// Wi-Fi settings - replace with your Wi-Fi SSID and password
const char* ssid = "your-ssid";
const char* password = "your-wifi-password";
Also, edit the line in the sketch with the IP address and port number for your Universal sensor hub running on the Raspberry Pi. The default HTTP listener for JEDI One is on port 8100. For this example we use 192.168.1.7:8100:
// IP address of server or Raspberry Pi running Machinechat JEDI software
// If you changed the JEDI port number, replace 8100 with the new port
const char* host = "192.168.1.7:8100";
Save the sketch:
It is finally time to compile and load the sketch into the NodeMCU:
Success! Now that the code is in the NodeMCU flash, the Arduino IDE can be closed and the unit moved to another location. A USB charger can be used to power the NodeMCU; no need for the computer at this point.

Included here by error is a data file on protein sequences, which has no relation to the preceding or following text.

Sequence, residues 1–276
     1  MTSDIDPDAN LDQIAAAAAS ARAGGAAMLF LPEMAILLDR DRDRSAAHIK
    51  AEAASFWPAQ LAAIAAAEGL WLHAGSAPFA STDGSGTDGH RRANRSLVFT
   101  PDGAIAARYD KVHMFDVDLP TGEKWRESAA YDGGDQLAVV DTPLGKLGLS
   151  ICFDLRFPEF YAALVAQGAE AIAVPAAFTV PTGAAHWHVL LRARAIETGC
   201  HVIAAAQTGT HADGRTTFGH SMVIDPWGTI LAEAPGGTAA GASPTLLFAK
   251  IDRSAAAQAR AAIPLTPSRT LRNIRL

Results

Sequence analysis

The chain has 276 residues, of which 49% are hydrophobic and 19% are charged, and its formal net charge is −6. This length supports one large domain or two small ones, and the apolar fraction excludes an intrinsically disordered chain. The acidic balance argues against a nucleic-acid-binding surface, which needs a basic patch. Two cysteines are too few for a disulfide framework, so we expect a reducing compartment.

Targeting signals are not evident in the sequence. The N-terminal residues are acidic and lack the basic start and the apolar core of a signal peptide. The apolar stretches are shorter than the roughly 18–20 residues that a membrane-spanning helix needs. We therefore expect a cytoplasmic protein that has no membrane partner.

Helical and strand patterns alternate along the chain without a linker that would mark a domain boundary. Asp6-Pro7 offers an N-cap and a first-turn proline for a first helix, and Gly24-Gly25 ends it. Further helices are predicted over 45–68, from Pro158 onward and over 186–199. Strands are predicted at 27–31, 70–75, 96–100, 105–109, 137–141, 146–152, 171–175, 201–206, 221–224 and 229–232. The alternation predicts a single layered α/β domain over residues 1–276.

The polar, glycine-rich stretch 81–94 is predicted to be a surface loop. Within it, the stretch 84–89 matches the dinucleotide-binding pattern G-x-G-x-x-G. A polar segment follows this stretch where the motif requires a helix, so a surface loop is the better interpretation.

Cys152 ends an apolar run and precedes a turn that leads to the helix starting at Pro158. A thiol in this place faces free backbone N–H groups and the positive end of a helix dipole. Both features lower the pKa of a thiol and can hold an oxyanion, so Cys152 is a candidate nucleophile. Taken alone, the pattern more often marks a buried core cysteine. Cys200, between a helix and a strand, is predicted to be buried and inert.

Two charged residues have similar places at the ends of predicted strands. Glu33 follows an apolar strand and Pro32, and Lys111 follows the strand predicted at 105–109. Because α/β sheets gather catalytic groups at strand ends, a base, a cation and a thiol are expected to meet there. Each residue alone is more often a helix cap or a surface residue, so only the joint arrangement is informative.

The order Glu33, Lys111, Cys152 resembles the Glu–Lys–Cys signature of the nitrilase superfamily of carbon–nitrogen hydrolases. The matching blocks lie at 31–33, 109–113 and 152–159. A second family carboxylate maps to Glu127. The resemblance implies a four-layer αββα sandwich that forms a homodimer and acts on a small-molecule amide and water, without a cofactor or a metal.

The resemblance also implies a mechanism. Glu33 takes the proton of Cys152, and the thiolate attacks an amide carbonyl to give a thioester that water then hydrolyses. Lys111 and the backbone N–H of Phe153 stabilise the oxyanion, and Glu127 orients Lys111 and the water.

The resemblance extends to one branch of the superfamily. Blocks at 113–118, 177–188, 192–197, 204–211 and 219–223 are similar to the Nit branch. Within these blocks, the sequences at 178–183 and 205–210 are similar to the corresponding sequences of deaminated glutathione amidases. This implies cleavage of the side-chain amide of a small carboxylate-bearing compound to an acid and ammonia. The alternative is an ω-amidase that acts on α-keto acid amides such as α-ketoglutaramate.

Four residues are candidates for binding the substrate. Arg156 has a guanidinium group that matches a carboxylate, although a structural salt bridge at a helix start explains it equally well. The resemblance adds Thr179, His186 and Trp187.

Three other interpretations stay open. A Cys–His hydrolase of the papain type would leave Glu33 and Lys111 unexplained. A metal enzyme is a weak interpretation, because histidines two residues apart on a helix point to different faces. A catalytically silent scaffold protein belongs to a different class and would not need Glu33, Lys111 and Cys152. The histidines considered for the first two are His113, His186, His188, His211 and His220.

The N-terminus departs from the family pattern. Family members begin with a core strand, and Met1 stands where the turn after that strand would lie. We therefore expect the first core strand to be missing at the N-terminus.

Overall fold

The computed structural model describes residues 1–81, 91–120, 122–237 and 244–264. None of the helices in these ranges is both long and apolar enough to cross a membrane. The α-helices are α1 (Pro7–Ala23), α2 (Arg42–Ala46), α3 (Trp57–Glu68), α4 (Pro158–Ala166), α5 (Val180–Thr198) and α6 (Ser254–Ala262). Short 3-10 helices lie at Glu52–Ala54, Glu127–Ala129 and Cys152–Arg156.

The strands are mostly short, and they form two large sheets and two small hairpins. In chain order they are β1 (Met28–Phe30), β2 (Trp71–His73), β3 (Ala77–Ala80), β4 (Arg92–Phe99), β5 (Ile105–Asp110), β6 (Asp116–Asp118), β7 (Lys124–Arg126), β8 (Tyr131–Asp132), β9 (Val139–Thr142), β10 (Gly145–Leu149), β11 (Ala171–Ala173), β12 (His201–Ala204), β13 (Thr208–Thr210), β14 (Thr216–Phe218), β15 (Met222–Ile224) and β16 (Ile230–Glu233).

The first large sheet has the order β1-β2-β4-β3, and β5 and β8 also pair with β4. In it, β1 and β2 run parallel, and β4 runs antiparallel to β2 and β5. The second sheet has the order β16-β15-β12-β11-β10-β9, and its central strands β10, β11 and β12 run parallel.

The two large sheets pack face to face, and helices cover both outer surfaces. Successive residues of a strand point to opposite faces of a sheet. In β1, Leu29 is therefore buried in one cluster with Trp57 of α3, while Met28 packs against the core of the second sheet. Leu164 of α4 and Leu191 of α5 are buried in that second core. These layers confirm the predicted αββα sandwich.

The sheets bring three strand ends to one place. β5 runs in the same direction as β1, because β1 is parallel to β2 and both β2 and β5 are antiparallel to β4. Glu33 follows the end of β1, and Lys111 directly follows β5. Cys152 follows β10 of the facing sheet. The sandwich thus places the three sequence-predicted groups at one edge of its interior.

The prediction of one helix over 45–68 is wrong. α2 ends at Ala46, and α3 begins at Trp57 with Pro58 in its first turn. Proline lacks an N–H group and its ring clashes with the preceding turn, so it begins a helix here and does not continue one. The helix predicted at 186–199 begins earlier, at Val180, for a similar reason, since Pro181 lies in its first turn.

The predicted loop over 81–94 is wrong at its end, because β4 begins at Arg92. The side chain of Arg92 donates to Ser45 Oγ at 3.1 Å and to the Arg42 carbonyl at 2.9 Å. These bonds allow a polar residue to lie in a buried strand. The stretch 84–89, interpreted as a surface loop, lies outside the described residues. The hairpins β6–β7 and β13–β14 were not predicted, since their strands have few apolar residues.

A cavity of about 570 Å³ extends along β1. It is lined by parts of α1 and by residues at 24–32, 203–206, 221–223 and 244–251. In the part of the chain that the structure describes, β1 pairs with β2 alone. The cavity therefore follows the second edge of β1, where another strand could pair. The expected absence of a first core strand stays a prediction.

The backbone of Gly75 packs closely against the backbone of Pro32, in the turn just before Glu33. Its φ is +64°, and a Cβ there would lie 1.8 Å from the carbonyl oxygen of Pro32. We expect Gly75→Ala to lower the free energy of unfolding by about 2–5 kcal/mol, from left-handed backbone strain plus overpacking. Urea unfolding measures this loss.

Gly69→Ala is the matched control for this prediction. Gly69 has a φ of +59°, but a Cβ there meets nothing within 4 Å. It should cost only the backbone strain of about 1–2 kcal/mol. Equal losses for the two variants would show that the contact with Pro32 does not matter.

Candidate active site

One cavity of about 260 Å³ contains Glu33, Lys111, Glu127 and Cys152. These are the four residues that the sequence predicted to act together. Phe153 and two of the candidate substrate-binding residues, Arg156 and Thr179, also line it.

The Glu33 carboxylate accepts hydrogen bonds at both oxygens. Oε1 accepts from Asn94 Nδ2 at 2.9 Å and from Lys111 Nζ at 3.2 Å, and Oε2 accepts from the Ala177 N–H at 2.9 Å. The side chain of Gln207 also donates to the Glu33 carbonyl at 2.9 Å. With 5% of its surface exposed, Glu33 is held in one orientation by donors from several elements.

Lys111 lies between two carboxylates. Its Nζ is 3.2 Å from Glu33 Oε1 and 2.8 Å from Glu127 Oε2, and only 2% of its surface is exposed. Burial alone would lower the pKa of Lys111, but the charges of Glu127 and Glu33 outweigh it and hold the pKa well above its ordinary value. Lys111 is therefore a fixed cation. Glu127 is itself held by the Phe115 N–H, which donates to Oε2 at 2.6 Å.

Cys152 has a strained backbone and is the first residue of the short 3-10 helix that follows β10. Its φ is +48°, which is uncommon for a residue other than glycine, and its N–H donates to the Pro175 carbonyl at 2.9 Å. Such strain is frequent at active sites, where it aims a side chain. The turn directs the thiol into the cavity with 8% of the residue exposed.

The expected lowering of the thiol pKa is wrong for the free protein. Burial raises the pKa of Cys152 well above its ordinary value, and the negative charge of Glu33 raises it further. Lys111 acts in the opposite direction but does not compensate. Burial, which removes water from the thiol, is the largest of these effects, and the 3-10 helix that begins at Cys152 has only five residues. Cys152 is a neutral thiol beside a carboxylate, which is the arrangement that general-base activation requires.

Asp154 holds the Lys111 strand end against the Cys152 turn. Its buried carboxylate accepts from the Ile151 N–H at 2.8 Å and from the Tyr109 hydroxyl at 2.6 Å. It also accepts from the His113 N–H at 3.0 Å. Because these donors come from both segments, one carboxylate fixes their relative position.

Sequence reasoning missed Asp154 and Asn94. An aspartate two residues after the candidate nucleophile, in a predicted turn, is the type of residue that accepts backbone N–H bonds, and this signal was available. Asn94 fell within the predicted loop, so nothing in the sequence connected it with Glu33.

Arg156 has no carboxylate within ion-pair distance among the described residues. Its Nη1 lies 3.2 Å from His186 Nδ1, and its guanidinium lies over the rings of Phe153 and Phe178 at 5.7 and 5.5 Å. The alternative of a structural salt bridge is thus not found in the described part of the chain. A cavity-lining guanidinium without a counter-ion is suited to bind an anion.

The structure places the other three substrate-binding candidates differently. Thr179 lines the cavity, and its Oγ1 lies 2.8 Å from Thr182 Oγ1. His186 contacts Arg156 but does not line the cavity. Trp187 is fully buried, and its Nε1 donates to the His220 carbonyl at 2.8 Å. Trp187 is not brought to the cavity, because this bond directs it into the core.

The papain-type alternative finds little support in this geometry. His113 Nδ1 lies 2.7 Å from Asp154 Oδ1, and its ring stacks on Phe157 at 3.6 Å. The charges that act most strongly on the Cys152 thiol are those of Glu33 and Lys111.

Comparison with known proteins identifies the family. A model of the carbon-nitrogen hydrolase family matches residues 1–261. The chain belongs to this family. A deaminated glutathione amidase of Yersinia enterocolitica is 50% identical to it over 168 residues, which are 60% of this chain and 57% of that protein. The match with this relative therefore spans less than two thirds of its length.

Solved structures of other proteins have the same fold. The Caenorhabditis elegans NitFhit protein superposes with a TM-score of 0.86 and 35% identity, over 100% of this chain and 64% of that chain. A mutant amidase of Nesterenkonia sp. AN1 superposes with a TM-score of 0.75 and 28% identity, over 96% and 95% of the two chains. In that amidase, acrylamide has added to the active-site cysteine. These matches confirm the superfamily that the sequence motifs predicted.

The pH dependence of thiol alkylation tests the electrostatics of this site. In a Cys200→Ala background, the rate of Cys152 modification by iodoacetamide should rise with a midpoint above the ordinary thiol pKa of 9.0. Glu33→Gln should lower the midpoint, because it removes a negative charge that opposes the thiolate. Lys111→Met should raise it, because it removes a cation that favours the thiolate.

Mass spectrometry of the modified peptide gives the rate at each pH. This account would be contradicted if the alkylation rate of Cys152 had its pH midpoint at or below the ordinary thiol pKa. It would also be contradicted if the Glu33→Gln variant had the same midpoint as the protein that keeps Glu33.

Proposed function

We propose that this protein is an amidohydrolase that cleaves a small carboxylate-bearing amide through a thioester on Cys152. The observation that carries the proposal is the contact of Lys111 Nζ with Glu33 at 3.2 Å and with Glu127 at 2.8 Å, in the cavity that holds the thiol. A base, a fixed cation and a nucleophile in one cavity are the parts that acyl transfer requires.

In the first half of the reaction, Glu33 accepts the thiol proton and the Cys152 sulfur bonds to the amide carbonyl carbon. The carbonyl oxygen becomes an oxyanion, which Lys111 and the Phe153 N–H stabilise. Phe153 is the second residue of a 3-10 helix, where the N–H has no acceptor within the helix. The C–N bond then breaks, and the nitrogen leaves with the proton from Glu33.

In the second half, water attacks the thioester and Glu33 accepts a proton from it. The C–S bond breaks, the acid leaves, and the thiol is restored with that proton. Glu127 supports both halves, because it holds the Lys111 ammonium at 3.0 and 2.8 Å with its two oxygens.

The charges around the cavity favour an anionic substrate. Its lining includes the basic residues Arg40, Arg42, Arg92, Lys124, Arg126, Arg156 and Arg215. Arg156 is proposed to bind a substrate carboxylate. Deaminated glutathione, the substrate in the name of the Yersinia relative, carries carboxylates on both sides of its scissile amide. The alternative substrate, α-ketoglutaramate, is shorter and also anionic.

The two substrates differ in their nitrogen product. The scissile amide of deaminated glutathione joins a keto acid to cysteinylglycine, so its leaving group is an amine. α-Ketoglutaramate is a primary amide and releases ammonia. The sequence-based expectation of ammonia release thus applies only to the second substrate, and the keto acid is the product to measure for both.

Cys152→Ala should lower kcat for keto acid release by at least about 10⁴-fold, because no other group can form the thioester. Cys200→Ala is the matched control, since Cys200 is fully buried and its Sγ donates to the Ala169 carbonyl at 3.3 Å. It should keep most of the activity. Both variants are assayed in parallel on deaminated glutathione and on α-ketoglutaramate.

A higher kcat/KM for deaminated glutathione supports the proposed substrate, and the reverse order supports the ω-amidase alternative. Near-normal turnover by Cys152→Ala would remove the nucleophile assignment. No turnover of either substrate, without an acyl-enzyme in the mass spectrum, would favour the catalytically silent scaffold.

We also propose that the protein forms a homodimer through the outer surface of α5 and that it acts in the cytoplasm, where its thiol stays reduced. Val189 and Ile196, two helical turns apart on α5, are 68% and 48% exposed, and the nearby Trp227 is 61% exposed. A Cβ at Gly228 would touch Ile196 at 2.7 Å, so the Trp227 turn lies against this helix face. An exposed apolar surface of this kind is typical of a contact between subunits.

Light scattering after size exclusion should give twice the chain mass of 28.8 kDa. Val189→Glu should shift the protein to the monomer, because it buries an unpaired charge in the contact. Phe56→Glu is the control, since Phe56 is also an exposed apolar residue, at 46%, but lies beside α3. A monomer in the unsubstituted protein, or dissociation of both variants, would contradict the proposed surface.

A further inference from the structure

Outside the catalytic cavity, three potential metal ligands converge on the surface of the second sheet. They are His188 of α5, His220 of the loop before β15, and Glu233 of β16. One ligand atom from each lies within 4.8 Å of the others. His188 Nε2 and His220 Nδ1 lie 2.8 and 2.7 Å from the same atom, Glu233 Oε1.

The serial window in the video above shows that the information from the sensor is being successfully sent to our Universal Sensor hub. The LED on the NodeMCU will blink every five seconds when data is transmitted.
You can setup several of these NodeMCU sensor nodes to create a network and put them in various places to monitor several locations. Just make sure you change the target_id to a unique name for each NodeMCU. Here is what you will want to change:
You might choose to call them BMESensorNode2, BMESensorNode3... You can call them whatever you like, they just need to be unique for each NodeMCU. Then when you go to setup the dashboards and notifications in JEDI One, you will be able to tell which NodeMCU's data you are working with.